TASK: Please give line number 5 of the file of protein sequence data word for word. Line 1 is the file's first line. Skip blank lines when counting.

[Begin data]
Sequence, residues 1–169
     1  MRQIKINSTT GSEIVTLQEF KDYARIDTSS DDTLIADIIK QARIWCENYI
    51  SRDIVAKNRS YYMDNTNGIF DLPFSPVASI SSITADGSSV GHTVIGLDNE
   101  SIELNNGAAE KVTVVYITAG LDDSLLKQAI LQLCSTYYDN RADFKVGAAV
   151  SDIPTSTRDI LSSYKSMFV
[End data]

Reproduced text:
   151  SDIPTSTRDI LSSYKSMFV